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  1. #1
    Junior Member
    Join Date
    Sep 2016

    Things to Look For When Buying a 1200 Goldwing


    I have started looking to buy a touring bike, and I have gotten interested in starting out on a 1200 Goldwing. So far I have been looking in the Kansas City area, and found several good examples in the $2000-$2800 range.

    My questions are what do I look for when checking out one to buy? I know to check the paint and upholstery to see if they had been stored outdoors a lot, but do I check the drivetrain for abuse or neglect? Are there any quirks to look for when doing a look around in the seller's driveway?

    One of the bikes I found on Craigslist is a '87 SEi with fuel injection. Are there any advantages to this setup vs. a carburated model?

    Can a bike of this age do OK on a cross country trip?

    I appreciate any input you can give me.

  2. #2
    Senior Member
    Join Date
    Jul 2012
    First remember that this bike is some 29/30 years old. Most dealers refuse to work on any bike older than 10 years! The exception is Harley dealers. Many parts are no longer available from Honda, but there are other sources that you just have to look for. Especially with a vintage bike like the one you are considering.

    When buying a used bike, I like to check all fluids, and not just the level but does the fluid look like it will work. Check for fluid leaks especially clutch and brake lines as well as front forks. How old are the tires, if more than 5 years(go by manufacturer's date and not appearance) you will need to replace. If you have a mechanic that will check the bike out have him do it even if it costs you $100. Remember appearance is nice but the engine and drive train are what takes you across the country. Ask for maintenance records.

    Obviously take it for a test drive. If it is not running, it probably needs more than a new battery so I would walk away unless you want a restoration project and remember restoration projects usually cost more than you will ever recoup, but you have the joy of making it like new or better.

    I am sure others will chime in with more specific data. Don't forget to check Kelly Blue Book and the NADA book for pricing!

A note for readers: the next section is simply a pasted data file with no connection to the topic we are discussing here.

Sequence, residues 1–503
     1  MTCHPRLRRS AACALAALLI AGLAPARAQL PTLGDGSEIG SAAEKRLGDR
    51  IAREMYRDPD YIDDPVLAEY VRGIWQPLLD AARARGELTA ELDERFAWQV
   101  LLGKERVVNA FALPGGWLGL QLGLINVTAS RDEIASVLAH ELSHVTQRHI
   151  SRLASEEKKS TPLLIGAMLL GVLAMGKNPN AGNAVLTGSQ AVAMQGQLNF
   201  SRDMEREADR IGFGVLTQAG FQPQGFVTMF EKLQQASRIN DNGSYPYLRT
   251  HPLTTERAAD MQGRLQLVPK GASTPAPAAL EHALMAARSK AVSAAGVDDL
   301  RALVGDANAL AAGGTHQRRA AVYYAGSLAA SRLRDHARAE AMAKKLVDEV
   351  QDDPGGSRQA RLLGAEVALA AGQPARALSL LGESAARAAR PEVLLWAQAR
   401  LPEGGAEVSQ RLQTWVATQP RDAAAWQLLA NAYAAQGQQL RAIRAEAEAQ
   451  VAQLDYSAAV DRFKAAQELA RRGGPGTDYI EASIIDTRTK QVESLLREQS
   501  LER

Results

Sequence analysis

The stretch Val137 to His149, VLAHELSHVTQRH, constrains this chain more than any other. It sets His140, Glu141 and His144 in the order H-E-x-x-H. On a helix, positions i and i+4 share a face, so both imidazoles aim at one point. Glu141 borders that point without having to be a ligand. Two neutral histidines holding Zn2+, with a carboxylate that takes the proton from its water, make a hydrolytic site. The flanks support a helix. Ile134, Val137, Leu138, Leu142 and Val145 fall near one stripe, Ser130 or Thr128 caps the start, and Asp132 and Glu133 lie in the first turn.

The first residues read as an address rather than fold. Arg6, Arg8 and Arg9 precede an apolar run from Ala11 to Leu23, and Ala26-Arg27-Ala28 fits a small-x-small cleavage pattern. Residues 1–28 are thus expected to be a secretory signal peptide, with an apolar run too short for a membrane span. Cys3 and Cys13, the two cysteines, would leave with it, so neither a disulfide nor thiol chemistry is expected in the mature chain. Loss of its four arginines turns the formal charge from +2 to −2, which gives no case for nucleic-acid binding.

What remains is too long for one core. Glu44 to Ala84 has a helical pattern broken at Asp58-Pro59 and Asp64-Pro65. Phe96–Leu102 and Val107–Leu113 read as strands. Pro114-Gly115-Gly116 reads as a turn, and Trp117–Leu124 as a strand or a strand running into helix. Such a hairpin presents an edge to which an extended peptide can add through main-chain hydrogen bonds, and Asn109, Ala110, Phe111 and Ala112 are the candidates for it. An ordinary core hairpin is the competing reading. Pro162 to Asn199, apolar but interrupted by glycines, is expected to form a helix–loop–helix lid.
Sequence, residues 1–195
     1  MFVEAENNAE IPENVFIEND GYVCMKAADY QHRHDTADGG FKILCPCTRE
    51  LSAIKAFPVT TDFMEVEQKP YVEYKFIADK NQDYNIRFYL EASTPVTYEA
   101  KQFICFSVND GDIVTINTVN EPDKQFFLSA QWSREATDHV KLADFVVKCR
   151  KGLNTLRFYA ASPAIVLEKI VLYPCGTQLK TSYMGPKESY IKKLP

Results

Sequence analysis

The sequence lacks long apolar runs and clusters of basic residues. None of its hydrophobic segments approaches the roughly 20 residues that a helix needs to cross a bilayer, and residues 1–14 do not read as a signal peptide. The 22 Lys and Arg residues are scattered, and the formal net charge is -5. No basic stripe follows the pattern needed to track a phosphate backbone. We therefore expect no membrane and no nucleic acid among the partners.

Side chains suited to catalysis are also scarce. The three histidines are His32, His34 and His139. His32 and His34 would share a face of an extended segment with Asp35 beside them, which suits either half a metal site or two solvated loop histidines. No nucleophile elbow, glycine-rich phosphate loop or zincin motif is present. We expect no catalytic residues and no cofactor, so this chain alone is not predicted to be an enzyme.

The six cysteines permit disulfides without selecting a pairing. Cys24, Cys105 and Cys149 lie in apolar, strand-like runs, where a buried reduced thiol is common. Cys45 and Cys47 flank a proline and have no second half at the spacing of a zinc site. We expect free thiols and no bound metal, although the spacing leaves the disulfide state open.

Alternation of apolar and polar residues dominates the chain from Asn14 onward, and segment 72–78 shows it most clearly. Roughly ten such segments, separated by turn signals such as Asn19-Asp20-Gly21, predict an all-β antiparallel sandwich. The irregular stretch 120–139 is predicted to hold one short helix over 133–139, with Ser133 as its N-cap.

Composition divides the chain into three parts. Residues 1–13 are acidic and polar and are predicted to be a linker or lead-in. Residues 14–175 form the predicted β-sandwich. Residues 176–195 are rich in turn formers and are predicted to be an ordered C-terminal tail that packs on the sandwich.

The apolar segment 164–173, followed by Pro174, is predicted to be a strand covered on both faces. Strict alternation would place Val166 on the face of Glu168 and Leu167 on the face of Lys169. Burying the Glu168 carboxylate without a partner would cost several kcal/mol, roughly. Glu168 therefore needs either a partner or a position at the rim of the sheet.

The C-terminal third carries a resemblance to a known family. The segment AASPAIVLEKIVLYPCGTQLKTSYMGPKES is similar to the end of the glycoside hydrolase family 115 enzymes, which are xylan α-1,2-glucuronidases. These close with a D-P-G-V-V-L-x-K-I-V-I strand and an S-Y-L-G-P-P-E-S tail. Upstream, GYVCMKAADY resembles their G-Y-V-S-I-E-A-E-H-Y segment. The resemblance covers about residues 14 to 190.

3. #3
    Join Date
    Mar 2013
    NJ FL
    Don't know about the fuel injection but keep in mind the 1500 was in production '87 through 2000. It's not like parts are scarce.

  4. #4
    Senior Member gamellott's Avatar
    Join Date
    Jun 2012
    All of what Harvey said and.....

    First things I would look at is the condition of the plastic. If it's cracked or broken, those are usually expensive to replace. A New bike can get totaled based on the extensiveness of the damage to the plastic even if the rest of it is fine. The condition of the vinyl seat is Not as important, IMHO, because half the people out there are probably going to change out the seat to a aftermarket version and if it's 10 years old, your sitting on borrowed time. My GL1800 is 13 years old and the seat is starting to split. I'm debating on what I'm going to do because I have a new toy Paint, Plastic, Rubber, Rust and Leaks are what you should really be looking for. Also, IF my memory serves me right, the 1200s had a timing belt that should probably be replaced immediately after purchase. Unless there are service records to prove that it was done recently, it's something that doesn't get done and you could wind up with a catastrophic failure. Also, considering the age, these things are all water cooled; You should anticipate having to replace all of the radiator/cooling hoses. If they haven't been replaced, it's only a matter of time before the hoses start to fail. They also have a water pump that may require replacing.

    Oh, Fork Tubes!! if they're leaking and have indications of pitting, they will continue to leak and will have to be constantly maintained, if they're not replaced.